Oh, I'm so glad I know you all...

OK, I've got an unusually happy day today. Don't know why - DH and I were
out until 3 a.m. and got woken by a phone call at 8 a.m. from DSIL telling
us that something with DD was amiss. Nothing was wrong, it turned out when
they showed up here; in the end she just was a bit homesick, I guess. I
should be tired as anything but I'm OK. The evening was very nice, and I was
dressed quite well with my kimono. Since most of the participants were
master craftsmen with their wives and only two local politicians attending,
neither the food nor the entertainment was too fancy to make one
uncomfortable (they had a cold and warm buffet, with a roast suckling pig,
well, actually two of them, as a highlight). My DH who never goes out since
he gave up darts insisted on staying and they had to throw us out, more or
less, when it was literally getting light again about 3 a.m., along with the
other high ranking members of the guild. Little booze involved since that
was charged extra, and table water was free. They are a thrifty lot,
craftsmen, not wanting to call them a little stingy. ;-)

U. - and now we'll have breakfast, DH and me, just the two of us... ;-)


Re: Finished!
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With the flat bottom, you probably won't need to mount it on a board, at least
not in my experience.  Just sand any finish (varnish, shellac, paint) off
the wood so you can press on bare wood -- that gives you the flattest seam.

If I'm going to cover the pressing surface with anything (and I might, for
something really prone to snagging, like chiffon), I'd probably just use a
scrap of muslin, not "official" ironing board cover fabric.

Personally, I like the higher profile stair rail that I first mentioned
because the flat base is a bit wider and the taller silhouette makes it easier
for me to get my hand under the fabric when pressing, should I want to.

Then, when you decide how much you like your new seam stick, you can get
DH to sand all of your leftovers, cut it up and take it to sell to your
classmates. <g>

The bottom, flat piece also makes a good tailor's clapper, or you can
just sand a piece of thickish flat board smooth.  Kid's building blocks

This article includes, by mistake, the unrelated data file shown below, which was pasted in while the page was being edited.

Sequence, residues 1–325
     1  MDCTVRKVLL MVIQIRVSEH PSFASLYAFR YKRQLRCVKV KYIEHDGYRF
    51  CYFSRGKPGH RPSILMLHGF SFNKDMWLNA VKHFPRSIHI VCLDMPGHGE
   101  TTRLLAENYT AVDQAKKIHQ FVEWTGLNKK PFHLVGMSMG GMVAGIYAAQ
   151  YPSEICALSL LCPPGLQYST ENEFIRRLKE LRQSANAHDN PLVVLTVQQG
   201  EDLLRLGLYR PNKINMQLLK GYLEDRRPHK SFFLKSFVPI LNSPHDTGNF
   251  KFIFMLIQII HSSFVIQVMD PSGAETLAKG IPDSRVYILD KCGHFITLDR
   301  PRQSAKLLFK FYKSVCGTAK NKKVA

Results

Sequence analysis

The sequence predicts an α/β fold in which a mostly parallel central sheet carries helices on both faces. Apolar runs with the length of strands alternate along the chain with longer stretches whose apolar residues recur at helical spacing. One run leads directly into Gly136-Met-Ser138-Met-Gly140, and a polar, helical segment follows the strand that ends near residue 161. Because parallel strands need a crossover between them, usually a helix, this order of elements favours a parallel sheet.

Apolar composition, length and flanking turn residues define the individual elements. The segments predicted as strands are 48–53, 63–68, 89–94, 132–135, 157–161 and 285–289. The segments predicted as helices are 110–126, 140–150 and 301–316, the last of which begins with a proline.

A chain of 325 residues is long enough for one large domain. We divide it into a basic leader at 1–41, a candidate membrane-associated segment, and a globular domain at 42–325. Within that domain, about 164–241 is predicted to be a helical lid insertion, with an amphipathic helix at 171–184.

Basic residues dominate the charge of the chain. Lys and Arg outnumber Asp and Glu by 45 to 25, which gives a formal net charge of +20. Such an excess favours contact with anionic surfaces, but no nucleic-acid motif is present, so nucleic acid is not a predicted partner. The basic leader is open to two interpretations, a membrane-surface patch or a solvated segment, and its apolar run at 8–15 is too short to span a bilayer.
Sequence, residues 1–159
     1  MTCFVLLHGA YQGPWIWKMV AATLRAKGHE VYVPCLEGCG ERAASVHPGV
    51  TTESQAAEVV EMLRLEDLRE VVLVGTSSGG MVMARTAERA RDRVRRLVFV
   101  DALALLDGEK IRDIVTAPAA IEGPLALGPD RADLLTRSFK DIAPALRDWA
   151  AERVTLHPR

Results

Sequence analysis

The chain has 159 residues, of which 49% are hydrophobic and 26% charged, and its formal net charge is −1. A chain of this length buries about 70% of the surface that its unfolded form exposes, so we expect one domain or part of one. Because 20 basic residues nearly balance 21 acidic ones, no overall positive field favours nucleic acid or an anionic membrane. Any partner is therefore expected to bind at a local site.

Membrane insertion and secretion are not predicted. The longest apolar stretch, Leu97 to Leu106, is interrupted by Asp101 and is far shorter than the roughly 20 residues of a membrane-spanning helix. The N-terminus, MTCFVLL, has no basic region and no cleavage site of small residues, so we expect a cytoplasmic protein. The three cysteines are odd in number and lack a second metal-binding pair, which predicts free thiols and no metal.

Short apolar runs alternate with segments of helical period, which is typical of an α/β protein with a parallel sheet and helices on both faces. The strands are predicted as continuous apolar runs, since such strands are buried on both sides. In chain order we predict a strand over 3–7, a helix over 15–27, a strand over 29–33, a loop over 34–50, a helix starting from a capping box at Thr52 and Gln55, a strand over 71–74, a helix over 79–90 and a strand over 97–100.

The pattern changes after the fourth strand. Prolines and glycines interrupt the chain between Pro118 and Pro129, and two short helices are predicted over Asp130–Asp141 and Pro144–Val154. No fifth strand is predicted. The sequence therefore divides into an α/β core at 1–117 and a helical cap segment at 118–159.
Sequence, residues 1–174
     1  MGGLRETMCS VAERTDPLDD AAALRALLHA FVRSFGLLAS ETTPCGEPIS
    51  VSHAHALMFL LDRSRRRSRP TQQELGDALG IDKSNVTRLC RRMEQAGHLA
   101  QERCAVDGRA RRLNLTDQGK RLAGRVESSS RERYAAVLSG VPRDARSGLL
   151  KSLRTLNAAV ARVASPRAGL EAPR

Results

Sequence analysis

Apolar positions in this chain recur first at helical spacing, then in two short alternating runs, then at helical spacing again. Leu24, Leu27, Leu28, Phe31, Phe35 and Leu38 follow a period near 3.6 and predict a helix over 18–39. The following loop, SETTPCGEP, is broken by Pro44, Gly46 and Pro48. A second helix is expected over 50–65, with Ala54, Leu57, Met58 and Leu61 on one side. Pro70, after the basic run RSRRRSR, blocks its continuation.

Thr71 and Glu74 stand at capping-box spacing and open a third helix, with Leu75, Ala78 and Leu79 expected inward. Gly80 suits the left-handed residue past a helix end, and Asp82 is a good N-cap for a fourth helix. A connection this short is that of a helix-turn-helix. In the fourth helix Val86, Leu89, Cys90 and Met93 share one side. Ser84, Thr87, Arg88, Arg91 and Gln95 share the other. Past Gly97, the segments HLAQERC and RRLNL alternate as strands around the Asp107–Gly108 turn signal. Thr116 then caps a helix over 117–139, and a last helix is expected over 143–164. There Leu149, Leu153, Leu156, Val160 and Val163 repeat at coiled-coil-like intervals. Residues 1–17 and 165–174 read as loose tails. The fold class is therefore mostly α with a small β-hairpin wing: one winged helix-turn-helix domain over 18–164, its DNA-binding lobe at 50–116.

often do nicely.  

The other wooden pressing shape I use often is the pointy part to the
left side here:  it's great for pressing shirt collar seams on when you
turn the collar.   The commercial ones all have a very flat profile on
top with a very square edge, and I sometimes used to get the edge shape
showing up on something that I pressed.  So I took some coarse sandpaper
and rounded the sharp edges that you see in the photo, then smoothed
it all out with fine sandpaper.  (Cabinet makers call that "relieving
the edge" here -- that tiny bit of rounding, instead of a 90 degree corner,
keeps paint and other finishes from cracking on corners.)  It stops the
edge from imprinting when I press a collar seam open.  
 http://gailpatrice.com/wp-content/uploads/2010/02/1016.jpg

And here's a pattern for a tailor's ham and seam roll:
http://www.ca.uky.edu/HES/fcs/FACTSHTS/CT-MMB-214.pdf

Kay



Re: Finished!
Oh Kay! You are a gem! I have only one or two questions:

"Kay Lancaster" wrote...
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I see your point. The rail we have is untreated, but still, you might be
right that it isn't as suitable as a rail with an omega profile. I spent
already some time online to find out where to get something like it. So far
I only found a company that sells exactly what I'd want but has a minimum
order volume of about 200.- for first orders. A bit more than I wanted, and
the company is located in Bavaria, which means I can't drop by and as them
for a bit of leftover material. :-( I'll have to check local DIYs but if
they fail I'll have to go to local cabinet maker shops. I'll try to do most
of it online or via phone; if I drive everywhere, the cost might easily
exceed the ones for a ready made object.

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Thank you for telling me that term; in German it is called 'Kanten brechen'